After rejoining the group back in Maun we took off for the Chobe River for some wildlife viewing. Phill, Dave, and Dan headed out on a game drive through the park while most of the rest of the troops took to the water once again to see the action from the river. Those on the boat saw plenty of elephants. The guys on shore got to see a big male lion enjoying a meal.

Our next stop after Chobe was Livingstone, Zambia, right next to the awesome Victoria Falls. Victoria Falls is the adventure capital of Zambia and the group was more than happy to take advantage of that. There were bungee jumpers and elephant riders. Scotty, Ziggy, Katey, and Spots all went rhino tracking on foot. Mac, Gav, Greg, and I took a boat out on the upper Zambezi river to fish for tiger fish. It wasn’t the right time of the year, unfortunately, and Gav managed to catch a small tiger fish. Mac caught a couple really nice tilapia.

Then there was the sunset cruise, AKA, the “Booze Cruise”… Sorry, but what happens on the booze cruise stays on the booze cruise and I’m not at liberty to indulge you. 

We moved north-east through Lusaka and onwards to my personal favorite, South Luangwa national park where we camped on the banks of the wild Luangwa River. The campsite is unfenced and it isn’t uncommon for animals to pass through. In fact, Katey and Emma were woken up one night when an elephant came and started pruning the tree that they had pitched their tent under.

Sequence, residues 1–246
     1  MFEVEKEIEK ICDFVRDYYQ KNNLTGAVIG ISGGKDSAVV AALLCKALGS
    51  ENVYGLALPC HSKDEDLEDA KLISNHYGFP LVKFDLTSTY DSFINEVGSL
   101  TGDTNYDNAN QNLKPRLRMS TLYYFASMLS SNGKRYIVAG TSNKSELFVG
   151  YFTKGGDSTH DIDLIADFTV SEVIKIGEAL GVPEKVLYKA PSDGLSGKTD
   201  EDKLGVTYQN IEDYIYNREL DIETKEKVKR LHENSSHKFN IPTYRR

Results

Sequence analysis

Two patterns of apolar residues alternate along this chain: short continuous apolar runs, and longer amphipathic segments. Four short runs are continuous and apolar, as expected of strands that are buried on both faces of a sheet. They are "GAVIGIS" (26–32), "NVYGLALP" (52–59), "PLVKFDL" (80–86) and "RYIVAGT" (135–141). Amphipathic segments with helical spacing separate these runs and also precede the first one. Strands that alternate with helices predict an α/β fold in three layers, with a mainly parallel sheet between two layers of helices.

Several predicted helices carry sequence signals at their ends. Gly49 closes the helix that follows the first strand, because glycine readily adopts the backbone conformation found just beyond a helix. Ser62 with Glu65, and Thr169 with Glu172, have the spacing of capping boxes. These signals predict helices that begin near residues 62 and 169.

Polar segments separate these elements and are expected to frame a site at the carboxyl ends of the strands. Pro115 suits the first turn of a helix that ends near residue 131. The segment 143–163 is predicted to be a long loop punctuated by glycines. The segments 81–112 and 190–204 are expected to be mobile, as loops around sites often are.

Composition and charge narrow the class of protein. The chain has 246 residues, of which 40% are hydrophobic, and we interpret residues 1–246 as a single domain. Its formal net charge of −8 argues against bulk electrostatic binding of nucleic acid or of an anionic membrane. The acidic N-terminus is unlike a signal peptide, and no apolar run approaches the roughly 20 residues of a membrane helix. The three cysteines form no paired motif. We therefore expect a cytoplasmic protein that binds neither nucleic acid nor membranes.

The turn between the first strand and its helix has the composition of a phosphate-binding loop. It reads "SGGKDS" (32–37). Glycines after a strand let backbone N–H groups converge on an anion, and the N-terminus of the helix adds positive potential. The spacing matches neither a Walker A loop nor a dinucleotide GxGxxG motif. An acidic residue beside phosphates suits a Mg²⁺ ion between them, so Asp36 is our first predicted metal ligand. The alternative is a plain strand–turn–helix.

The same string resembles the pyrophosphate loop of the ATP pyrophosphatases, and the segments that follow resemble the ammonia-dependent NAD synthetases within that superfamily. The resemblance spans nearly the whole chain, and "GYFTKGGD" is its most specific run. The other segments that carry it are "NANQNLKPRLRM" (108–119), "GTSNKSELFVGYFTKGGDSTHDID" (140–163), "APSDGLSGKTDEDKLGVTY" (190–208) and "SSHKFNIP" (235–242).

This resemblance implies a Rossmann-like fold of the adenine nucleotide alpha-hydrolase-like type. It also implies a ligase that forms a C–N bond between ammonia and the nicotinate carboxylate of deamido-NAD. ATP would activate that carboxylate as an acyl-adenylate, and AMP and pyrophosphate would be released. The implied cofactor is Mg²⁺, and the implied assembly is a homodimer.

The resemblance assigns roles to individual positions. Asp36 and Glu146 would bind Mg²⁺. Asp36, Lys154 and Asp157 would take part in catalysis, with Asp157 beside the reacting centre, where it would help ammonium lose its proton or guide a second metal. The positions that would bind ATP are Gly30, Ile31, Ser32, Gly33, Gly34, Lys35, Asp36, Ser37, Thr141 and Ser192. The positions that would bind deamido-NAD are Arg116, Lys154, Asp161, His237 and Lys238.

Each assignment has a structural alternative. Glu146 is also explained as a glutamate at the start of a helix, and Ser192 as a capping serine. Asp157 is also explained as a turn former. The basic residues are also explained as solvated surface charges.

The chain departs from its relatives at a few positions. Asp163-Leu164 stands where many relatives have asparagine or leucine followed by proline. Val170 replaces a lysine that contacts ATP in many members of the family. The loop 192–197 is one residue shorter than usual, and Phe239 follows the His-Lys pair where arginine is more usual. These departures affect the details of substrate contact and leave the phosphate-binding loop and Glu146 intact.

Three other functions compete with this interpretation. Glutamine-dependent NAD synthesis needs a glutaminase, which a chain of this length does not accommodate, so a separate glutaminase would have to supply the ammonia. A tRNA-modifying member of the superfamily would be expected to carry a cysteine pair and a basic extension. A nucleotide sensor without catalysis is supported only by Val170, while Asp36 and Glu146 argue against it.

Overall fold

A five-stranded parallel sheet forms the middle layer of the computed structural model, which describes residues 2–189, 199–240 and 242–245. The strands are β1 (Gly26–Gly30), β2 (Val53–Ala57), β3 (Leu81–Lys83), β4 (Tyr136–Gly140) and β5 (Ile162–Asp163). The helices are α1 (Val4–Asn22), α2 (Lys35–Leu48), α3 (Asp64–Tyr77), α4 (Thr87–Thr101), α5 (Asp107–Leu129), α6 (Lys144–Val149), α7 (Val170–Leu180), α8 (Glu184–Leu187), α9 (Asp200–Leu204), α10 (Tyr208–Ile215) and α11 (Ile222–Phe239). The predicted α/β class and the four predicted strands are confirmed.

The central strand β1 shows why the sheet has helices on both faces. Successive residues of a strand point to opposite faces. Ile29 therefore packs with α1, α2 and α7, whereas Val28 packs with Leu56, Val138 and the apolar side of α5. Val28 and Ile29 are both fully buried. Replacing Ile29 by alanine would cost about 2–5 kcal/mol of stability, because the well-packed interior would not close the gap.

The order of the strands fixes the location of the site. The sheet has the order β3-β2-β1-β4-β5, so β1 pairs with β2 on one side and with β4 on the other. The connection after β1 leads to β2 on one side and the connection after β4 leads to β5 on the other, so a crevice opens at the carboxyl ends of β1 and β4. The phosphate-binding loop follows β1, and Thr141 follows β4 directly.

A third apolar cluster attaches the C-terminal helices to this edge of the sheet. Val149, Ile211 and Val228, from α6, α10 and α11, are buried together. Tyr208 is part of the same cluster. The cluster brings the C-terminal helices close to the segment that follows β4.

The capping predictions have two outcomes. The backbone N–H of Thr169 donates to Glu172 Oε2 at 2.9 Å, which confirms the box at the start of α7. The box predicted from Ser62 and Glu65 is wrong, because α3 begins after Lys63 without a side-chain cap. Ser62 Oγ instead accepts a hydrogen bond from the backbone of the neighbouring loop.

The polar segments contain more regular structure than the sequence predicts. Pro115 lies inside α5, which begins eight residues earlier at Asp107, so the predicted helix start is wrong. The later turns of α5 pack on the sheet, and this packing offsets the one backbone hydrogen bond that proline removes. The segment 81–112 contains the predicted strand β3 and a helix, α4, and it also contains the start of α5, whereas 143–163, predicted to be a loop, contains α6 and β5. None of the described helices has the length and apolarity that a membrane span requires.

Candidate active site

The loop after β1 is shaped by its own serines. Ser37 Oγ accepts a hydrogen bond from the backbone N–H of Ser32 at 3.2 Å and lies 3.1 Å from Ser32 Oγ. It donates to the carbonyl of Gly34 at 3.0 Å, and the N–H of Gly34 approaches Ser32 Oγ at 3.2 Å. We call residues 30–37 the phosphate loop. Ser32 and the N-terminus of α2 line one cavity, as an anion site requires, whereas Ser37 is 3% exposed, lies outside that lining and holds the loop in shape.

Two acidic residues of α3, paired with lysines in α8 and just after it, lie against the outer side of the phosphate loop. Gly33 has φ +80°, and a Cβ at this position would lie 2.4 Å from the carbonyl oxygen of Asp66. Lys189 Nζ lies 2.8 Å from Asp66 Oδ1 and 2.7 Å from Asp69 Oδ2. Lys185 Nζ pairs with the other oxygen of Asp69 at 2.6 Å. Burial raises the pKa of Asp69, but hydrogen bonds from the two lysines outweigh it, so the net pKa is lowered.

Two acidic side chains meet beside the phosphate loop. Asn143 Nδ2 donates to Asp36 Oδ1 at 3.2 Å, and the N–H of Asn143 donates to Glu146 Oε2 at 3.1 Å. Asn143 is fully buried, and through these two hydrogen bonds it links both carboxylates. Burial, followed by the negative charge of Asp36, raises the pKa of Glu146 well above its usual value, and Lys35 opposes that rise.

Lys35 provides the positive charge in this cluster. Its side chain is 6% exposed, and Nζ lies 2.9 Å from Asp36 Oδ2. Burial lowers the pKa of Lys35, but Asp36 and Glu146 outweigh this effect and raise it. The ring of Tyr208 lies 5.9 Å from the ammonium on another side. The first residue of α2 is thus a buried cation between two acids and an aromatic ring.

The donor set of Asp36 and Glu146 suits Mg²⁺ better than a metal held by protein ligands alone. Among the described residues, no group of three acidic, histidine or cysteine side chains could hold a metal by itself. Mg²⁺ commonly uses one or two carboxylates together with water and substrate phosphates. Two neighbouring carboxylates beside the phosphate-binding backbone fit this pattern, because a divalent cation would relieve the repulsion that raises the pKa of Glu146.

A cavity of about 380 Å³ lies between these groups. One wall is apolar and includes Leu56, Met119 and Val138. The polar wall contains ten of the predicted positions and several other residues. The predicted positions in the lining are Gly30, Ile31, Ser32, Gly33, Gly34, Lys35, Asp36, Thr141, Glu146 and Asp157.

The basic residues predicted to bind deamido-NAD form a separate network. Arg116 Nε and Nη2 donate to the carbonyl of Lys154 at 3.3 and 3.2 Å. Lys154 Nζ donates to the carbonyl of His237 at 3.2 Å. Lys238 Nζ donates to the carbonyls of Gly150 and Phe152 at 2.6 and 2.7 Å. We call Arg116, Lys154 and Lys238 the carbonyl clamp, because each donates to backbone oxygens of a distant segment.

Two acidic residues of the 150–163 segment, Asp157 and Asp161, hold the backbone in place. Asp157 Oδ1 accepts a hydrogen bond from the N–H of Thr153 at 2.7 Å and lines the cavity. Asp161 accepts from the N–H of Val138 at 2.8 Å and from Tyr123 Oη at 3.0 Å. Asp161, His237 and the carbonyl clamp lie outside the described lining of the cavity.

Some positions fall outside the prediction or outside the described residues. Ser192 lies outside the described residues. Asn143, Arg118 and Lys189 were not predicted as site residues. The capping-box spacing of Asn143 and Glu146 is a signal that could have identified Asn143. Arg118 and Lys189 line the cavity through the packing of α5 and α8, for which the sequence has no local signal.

South Luangwa never seems to disappoint and this time was no exception. We witnessed a huge pride of lions stalking a massive herd of Cape buffalo. There was one moment when we were positive we would see a kill. There was a big bull who appeared to be stuck in the mud. All the lions had surrounded him, though at quite a distance. One young one moved in and it looked like it was all about to kick off. Turns out the bull wasn’t as weak as we and the lions thought him to be. He stood right up and told the young lion who was boss.

In addition we saw plenty of elephants, puku, zebra, giraffe, hippos running on land (much faster than you would ever expect they could), hyena…. The list goes on. We also get the rare chance to see some of Africa’s nocturnal wildlife in Luangwa. It’s one of the only parks that allows night driving. So, in addition to the stuff we have often seen we also got a look at civets, scrub hares, owls, and lions on the prowl. Very cool.

We left Zambia for Malawi. After leaving Lilongwe, we stopped for a few days at Kande Beach, right on the shores of Lake Malawi. You wouldn’t know Lake Malawi was a lake. Half the time the waves are nearly surf-able and you can only just see the other side of it if you squint a little. It’s a pretty fantastic place and we were lucky enough to have some lovely weather while we were there.